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The tyrant within

This February Mark Lilla sat on a New York University panel about 9/11 and was shocked to hear a fellow panelist, the French intellectual Jean Baudrillard, "offering his fanciful take on the attack as a [symbolic] suicide by the towers." Lilla recalled the moment recently while keynoting a U of C Women's Board luncheon. "An act of suicide by the towers-because of the evils of capitalism and globalism and despite the loss of life-was actually, according to this respected intellectual, a predictable thing."

Lilla, a professor in the Committee on Social Thought and the College, was shocked but not surprised. The author of The Reckless Mind: Intellectuals in Politics (New York Review Books, 2001), he has spent several years wondering, "What is it about the human mind that made the intellectual defense of tyranny possible in the 20th century? How," he writes, "did the Western tradition of political thought, which begins with Plato's critique of tyranny in the Republic..., reach the point where it became respectable to argue that tyranny was good, even beautiful?"

Intellectuals' defense of tyranny and acts of mass political violence such as 9/11 is, Lilla argues, a peculiarly recent phenomenon, arising with the past century's master ideologies such as fascism and Marxism. He has a name for it: philotyranny. His book sets out neither to finally separate nor inextricably bind a thinker's ideas with his or her political leanings, but rather to understand what about an intellectual might lead him or her to embrace despicable politics. Lilla believes it has to do with love-eros-that "demonic force that floats between the human and the divine, helping us to rise or transporting the soul into a life of baseness and suffering in which others suffer with us," he writes. "The philosopher and the tyrant, the highest and lowest of human types, are linked through some perverse trick of nature by the power of love."

One obvious example of a 20th-century intellectual with a predilection for tyranny is the philosopher Martin Heidegger, whose support of the Nazis repulsed his students and colleagues and continues to disturb those who study his powerful ideas. There are many other examples, and Lilla's book relates the fall of six philosophers: Heidegger, fellow Nazi sympathizer Carl Schmitt, the mystical Marxist Walter Benjamin, the Stalin enthusiast Alexandre Kojève, Michel Foucault with his bent for Maoism and Khomeinism, and the deconstructionist Jacques Derrida. Lilla also cites the "surprising number of pilgrims to Moscow, Berlin, Hanoi, and Havana," the "political voyeurs who made carefully choreographed tours of the tyrant's domains with return tickets in hand, admiring the collective farms, the tractor factories, the sugarcane groves, the schools, but somehow never visiting the prisons." Still other intellectuals never even left their desks, "developing interesting, sometimes brilliant ideas to explain away the sufferings of peoples whose eyes they would never meet."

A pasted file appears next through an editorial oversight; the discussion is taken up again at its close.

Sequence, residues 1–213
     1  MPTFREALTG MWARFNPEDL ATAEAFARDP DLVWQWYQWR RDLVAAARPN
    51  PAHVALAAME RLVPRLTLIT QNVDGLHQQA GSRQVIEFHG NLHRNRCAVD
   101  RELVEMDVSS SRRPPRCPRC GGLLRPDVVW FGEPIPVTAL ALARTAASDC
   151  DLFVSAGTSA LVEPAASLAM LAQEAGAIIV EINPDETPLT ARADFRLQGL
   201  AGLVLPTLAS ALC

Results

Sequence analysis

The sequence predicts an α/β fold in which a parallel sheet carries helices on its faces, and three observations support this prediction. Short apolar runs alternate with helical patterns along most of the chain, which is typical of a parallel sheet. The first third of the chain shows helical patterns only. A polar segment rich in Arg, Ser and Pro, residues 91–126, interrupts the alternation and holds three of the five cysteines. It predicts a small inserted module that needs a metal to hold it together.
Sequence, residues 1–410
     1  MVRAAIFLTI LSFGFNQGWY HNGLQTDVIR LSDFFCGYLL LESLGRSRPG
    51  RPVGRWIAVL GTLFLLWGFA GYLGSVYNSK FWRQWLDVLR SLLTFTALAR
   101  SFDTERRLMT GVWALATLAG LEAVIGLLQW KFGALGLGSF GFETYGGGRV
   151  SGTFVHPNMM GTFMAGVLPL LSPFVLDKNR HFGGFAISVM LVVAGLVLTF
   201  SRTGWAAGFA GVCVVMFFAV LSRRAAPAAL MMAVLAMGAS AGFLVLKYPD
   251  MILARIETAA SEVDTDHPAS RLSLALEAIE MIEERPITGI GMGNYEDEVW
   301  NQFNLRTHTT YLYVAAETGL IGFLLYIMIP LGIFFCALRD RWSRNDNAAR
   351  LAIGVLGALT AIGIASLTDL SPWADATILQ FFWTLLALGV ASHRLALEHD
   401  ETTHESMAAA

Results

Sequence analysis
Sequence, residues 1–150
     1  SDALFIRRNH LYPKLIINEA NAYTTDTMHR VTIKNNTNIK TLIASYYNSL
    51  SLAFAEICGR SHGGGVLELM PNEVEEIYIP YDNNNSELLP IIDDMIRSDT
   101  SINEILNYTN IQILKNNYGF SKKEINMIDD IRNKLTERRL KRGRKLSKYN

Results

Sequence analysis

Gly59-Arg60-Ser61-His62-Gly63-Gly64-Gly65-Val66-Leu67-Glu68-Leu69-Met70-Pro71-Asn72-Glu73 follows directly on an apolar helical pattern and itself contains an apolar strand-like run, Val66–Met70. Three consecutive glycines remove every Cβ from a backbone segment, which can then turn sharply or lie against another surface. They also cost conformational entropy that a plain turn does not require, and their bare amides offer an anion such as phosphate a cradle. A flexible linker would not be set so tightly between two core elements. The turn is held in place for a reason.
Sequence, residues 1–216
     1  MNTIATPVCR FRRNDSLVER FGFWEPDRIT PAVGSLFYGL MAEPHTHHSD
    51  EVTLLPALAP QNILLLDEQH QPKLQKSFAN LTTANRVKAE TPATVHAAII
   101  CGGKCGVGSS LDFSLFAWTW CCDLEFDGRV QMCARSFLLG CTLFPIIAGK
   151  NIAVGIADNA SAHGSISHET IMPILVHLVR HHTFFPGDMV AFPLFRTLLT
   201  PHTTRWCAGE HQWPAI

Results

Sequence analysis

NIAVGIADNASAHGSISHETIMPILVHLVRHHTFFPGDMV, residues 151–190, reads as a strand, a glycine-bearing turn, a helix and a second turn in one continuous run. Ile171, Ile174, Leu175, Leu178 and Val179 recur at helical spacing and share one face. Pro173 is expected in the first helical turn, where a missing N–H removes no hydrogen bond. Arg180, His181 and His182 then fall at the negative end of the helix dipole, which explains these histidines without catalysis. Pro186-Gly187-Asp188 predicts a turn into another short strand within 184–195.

The phenomenon, he points out, didn't die with the 20th century, as his fellow panelist's out-of-touch explanation for 9/11 shows. Nor is it restricted to European soil: even former president Jimmy Carter's recent visit to Cuba catches Lilla's critical eye. "Carter meeting with Fidel is not a bad thing," he says, "but what he thinks about Fidel probably is." With their "jejune hopefulness about regimes elsewhere," Americans often embrace a sort of "moral Carterism" toward tyrants.

Whatever it's called, the attraction to tyrannical ideas is, in Lilla's view, the product of an intellectual drunkenness, citing Plato's belief that eros is what draws certain men to tyranny and other men to philosophy. "For Plato, to be human is to be a striving creature," writes Lilla, "one who does not live simply to meet his most basic needs but is somehow driven to expand and sometimes elevate those needs, which then become new objects of striving.... This yearning, this eros, is to be found within all our good and healthy desires, those of the flesh and those of the soul." While some people satisfy their yearnings with their bodies, others become philosophers or poets or, he writes, "concern themselves with 'the right ordering of cities and households'-that is, with politics in the highest sense."

The problem is that love-whether its object is another human or an idea-induces a "blissful kind of madness" that's difficult to control, creating the danger of becoming "possessed by love madness" and the urge to contribute to the "right ordering" of society. Noblest is the philosopher who, like Socrates, is "supremely self-aware of [his life's] own tyrannical inclinations"-and stays out of politics.

That self-awareness, argues Lilla, is exactly what philotyrannical intellectuals lack. With eros, he argues, comes responsibilities-and although the age of master ideologies may be past, "so long as there are thinking men and women at all...the temptation will be there to succumb to the allure of an idea, to allow passion to blind us to its tyrannical potential, and to abdicate our first responsibility, which is to master the tyrant within."

  JUNE 2002
  > > Volume 94, Number 5

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The End of Consulting?
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Records of a Revolution
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Campus of the Big Ideas
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You Go Girl!

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